to your extension. In this case we have added two Php::numericType
parameters to the function. In 'type.h' you can find all avaiable
types, however not every type has been implemented yet.

The third option is passing a reference of a variable. Meaning when
it is altered in the C++ code, its value will also change in the PHP
code. This can achieved by using Php:ByRef, rather than Php::ByVal.

The fourth option is passing an array as parameter. The array 
parameter will be accessible from the N-1 index of the 
Php::Parameters object, where is the argument number of the array
when passing it to the function.

The fifth and final option is passing an object. An object can be 
passed in the same way as any other data type, except for that 
you must specify what the class is of the object. This can be done
by passing a string with the class name as the second parameter to 
Php::ByVal or Php::ByRef.

Functions and/or classes defined in this example.
    1. void my_with_undefined_parameters_function(Php::Parameters &params)
    2. Php::Value my_with_defined_parameters_function(Php::Parameters &params)
    3. void my_with_defined_parameters_reference_function(Php::Parameters &params)
    4. void my_with_defined_array_parameters_function(Php::Parameters &params)
    5. void my_with_defined_object_parameters_function(Php::Parameters &params)

Globals

Global PHP variables can be used accessed from your C++ code. You
can do this by accessing the Php::values array, which more or less
behaves the same as the $_GLOBALS array does in PHP.

Functions and/or classes defined in this example.
    1. void process_globals()

Exceptions

The sixth example is composed of two parts, the throw exception and 
the catch exception examples. The requirements of the catch example,
passing a callback as a parameter, have not yet been implemented.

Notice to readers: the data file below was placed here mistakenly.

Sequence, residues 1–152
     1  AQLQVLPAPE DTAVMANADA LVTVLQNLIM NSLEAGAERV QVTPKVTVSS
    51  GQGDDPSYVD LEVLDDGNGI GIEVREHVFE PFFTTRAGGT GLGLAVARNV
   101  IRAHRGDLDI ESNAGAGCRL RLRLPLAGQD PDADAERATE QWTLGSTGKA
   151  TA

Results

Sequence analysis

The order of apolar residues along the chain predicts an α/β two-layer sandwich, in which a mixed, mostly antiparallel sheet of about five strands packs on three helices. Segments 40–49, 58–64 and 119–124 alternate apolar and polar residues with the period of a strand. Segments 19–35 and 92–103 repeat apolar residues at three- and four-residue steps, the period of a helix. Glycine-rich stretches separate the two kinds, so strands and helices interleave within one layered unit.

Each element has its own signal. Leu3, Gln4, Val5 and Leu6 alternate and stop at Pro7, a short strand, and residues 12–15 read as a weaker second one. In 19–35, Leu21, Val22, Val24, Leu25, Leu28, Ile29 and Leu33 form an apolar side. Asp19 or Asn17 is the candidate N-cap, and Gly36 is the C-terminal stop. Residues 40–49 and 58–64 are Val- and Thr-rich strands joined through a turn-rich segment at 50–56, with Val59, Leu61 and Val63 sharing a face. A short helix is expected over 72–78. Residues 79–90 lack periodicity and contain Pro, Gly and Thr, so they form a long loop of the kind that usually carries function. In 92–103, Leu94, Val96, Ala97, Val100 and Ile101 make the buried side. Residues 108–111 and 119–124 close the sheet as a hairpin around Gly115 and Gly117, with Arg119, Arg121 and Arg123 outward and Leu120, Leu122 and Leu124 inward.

The throw example is there to show that an exception thrown in
a C++ function can be caught and handled in your PHP script. The 
exception thrown is a Php::Exception.

The catch example shows that when a PHP function is passed as a 
callback, and is capable of throwing a (PHP) exception, that it
can be caught as Php::Exception and then handled in the C++ code. 
However, the passing of a function as a callback has not yet been 
implemented. It would need to be implemented for this specific 
example to work.

Functions and/or classes defined in this example.
    - void my_catch_exception_function(Php::Parameters &params)
    - void my_throw_exception_function()

PHP function calls

The seventh example shows how to pass a callable PHP function as
a parameter. As can be seen in the example, there are several ways 
of passing a PHP function to the C++ function. When a function is 
passed, it is possible to use the () operator on the parameter, with 
the correct amount of parameters for the callable PHP function.

When using the wrong amount, or when trying to use the () operator
on a non-callable type, you will get PHP errors rather than 
segmentation faults or other kinds of C++ errors.

Functions and/or classes defined in this example.
    - Php::Value call_php_function(Php::Parameters &params)